Monday, February 13, 2012

New Teachers Know It All

Here's a guest post from Deia Sanders, a teacher from Mendenhall Jr. High in Mendenhall, MS!

 As the school year quickly approached, we were in our staff development meetings staring at familiar faces we had missed all summer and excited about the new faces that had joined our team.  It was my turn to speak.   I had gone from a classroom teacher to the new title of Master Teacher.  Part of my new duties now included professional development and new teacher induction.  Today’s talk was to be about Classroom Procedures.  

As I stood and presented about the procedures for entering the class, going to the restroom, leaving class, getting in groups, going to the bus, riding the bus, etc…  I could see on the new teacher’s faces that in their mind this was overkill.  And when I said this needed to be rehearsed for the first couple of weeks of school, I could feel the deep breaths of doubt exhale from their bodies. 

Actually, I guess everyone could feel it, because that’s when a second-year teacher I had mentored stood up and said “I know this sounds like too many procedures, and I doubted it when she tried to tell me this last year, but I didn’t do these things and I paid for it all year.”  Yes!! That was the testimony I needed to get buy-in from these teachers… or so I thought. 

As the first day came the nervous first year teachers were following the Power Points on procedures and practicing in the classrooms and halls.  I was so proud to see the progress.  But by day 3 and 4 their routines were waning and their thoughts had turned in to trusting these nice, quiet junior high kids in their classrooms.  It was a stark contrast from the experienced teachers who were turning their class around for more practice when procedures were broken, correcting mistakes, and addressing issues before they happened.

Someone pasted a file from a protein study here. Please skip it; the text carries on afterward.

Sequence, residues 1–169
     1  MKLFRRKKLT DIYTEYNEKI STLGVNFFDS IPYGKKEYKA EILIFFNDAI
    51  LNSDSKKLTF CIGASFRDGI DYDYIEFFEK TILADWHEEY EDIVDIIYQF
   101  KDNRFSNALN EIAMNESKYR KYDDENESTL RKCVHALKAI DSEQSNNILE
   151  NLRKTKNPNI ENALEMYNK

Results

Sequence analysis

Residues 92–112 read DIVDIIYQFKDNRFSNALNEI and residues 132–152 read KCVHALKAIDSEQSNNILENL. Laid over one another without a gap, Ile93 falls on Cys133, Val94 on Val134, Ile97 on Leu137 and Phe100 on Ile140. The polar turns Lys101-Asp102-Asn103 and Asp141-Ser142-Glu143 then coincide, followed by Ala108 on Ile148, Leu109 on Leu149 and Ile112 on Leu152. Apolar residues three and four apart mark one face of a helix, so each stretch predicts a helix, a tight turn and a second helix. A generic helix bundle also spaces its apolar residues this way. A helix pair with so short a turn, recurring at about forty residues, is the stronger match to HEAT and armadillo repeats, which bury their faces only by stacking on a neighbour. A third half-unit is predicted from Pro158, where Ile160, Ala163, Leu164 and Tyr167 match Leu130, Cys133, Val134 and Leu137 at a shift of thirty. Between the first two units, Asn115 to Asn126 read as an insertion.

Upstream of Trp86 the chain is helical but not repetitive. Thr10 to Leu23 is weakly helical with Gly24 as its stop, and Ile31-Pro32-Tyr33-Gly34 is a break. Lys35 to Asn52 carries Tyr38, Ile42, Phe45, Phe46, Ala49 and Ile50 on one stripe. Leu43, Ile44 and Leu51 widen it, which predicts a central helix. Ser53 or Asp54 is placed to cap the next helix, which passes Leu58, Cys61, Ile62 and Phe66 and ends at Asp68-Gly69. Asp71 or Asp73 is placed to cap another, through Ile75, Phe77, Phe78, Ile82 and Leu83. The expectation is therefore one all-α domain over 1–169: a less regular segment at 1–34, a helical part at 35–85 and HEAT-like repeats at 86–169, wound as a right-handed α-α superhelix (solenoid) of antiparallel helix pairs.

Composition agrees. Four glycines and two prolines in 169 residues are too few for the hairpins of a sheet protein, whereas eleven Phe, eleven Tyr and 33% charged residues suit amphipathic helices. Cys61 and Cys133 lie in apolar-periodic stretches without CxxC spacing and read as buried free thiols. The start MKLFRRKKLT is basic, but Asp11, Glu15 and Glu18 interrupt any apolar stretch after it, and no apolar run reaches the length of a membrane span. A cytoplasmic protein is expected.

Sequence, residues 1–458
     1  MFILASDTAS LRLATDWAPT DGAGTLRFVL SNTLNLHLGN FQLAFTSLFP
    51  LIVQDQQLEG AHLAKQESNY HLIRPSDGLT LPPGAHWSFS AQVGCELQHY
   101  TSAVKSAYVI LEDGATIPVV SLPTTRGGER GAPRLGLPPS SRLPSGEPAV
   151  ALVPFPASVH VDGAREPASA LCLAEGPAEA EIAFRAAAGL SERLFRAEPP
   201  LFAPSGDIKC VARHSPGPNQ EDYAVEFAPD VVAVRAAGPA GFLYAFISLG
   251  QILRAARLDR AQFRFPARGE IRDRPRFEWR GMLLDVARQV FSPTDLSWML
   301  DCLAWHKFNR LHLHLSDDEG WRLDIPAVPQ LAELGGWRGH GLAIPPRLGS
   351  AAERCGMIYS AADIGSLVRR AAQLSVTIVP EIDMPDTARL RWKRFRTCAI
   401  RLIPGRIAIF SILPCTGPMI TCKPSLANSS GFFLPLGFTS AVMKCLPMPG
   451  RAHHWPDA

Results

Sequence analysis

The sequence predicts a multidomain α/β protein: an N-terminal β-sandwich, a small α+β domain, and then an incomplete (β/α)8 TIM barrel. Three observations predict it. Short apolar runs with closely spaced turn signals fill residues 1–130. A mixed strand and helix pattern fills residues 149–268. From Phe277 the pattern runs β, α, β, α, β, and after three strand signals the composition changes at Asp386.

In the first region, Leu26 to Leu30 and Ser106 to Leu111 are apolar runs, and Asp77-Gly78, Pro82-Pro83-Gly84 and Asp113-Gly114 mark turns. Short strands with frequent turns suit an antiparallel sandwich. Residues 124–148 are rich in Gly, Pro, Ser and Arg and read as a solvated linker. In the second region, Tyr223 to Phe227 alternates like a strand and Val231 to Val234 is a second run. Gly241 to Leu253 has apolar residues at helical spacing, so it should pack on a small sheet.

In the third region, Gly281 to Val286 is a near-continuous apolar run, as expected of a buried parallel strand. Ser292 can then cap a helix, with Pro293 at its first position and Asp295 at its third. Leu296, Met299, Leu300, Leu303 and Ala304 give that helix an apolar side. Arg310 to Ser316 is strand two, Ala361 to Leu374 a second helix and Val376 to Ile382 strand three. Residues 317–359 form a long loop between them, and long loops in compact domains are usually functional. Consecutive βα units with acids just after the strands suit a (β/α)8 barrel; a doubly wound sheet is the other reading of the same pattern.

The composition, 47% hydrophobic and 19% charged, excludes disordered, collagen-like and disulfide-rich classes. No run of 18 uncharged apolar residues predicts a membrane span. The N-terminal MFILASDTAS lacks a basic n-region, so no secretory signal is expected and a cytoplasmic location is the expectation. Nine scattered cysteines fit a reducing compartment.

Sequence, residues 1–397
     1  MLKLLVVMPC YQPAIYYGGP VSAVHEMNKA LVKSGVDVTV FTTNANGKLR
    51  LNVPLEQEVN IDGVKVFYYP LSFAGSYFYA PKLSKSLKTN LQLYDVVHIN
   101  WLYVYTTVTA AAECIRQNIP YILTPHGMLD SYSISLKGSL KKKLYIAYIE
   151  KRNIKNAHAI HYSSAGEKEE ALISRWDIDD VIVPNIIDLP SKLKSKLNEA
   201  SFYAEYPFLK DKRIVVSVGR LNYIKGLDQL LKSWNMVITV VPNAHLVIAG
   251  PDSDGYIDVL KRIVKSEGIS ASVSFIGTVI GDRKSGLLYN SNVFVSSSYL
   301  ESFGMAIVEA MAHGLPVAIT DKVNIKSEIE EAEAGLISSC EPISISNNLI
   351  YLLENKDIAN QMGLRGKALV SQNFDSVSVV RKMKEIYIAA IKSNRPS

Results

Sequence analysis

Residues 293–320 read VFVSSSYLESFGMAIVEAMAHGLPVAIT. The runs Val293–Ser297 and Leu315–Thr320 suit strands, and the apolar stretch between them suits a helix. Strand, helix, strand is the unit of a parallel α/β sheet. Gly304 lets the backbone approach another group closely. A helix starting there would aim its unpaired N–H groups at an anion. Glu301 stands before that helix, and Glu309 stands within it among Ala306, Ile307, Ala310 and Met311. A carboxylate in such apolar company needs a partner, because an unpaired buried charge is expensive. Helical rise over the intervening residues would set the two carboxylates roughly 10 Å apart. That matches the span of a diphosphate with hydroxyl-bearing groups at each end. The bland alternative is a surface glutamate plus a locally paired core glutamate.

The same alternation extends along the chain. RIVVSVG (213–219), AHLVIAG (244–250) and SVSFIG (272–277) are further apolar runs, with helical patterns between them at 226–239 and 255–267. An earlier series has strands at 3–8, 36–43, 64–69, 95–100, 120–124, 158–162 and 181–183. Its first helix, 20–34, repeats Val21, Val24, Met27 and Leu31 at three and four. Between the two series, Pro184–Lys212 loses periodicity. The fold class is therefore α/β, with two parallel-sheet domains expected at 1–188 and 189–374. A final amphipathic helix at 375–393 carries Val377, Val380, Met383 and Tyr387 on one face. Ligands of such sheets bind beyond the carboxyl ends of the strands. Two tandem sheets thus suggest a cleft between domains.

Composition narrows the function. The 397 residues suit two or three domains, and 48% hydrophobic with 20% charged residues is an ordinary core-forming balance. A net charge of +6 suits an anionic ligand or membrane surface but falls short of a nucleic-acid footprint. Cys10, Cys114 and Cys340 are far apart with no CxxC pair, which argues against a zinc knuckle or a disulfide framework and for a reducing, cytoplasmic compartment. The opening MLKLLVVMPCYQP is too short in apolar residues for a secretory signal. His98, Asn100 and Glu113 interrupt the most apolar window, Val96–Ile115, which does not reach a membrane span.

As the year progressed, the new teachers who doubted the importance of drilling procedures and expectations for two weeks, showed their inexperience with their loud classrooms, low homework return, and chaotic lines as they trekked back and forth to the cafeteria and assemblies.   It reminded me of warnings from my parents about my own behavior as a child, which I didn’t heed, and eventually felt the consequences of.  As much as we tried to help the teachers regain control, the expectations are set with the first impression, and it’s difficult to recover when they don’t take you serious.

Just the other day I was talking to a new teacher who was reflecting on his experience so far this year. He was sharing that next year he would start out like we suggested, and had learned his lesson. It seemed like the appropriate time to warn him about “spring fever” and how wild the kids would get as the weather warmed. Once again I was given that same look of doubt that they had with my procedure warnings in the beginning, and again I related to how my parents probably felt when I was a teenager and thought I knew it all.  I immediately knew that once again they would have to walk through the fire to feel the flame.

So… it’s almost March and here we go again!

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